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How serious is serial adverse possession in Florida?

Is it possible for anyone to take over your property. The answer is an alarming, yet qualified “yes.” Under the right circumstances, it is legal through a process known as adverse possession.

Adverse possession has allowed unauthorized property seizure for decades. Essentially, someone (commonly referred to as a “squatter”) can follow a process to become the owner and occupy the land.

Since the end of 2015, at least 20 formal possession attempts occurred in Volusia County. That number represents a small fraction when compared to other Florida Counties. The Polk County Appraiser’s Office reported over 800 adverse possession claims in 2011.

Some squatters are not satisfied with seizing one piece of property, in spite of the uphill battles they face. The significant hurdles that exist result in far more failure than success.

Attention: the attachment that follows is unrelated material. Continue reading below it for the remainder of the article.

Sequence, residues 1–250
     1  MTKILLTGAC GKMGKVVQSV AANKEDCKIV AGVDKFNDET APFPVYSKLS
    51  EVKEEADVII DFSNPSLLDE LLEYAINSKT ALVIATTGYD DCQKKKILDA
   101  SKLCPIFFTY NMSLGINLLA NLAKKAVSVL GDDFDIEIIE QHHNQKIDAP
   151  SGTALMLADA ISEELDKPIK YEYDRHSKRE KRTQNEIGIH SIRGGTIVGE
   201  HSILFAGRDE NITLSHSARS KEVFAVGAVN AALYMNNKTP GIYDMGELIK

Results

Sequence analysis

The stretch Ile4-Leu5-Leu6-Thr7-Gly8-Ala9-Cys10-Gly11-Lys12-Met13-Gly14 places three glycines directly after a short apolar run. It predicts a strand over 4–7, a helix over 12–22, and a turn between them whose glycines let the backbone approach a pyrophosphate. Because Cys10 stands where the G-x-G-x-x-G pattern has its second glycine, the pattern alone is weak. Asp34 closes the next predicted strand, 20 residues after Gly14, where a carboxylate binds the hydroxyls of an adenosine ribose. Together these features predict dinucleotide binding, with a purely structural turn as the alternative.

Serial adverse possession is occurring thanks to one man’s effort to use the little-known law to seize vacant buildings and land dotting the Daytona beachside.

Timothy Tharbs, moved into 404 Revilo Blvd. in January 2016. After a month of residency, he quietly filed an adverse possession claim for the house owned by people living in South Florida.

Complaints by neighbors about Tharbs, his visitors, and the dilapidated condition of the one-story house got the attention of city officials. They determined that the structure was unsafe and ordered Tharbs and his wife out the next day.

It wasn’t Tharbs’ first act of squatting. He also tried to use adverse possession to gain ownership of a Daytona Beach oceanfront motel obviously showing its age of 70 years.

However, the third time was not the charm when Tharbs filed another claim against a Volusia County beachside home in foreclosure that sat empty for years.

Dale Martin, the actual owner, is a retired attorney. He claims to be more than equipped to not only keep Tharbs off his property, but also teach him a lesson in adverse possession. Martin filed a counter claim that requested punitive damages to stop him from “malicious abuse of the court process to pursue frivolous complaints.”

Tharbs may have met his match in Martin. Other property owners in Florida may not be so lucky.

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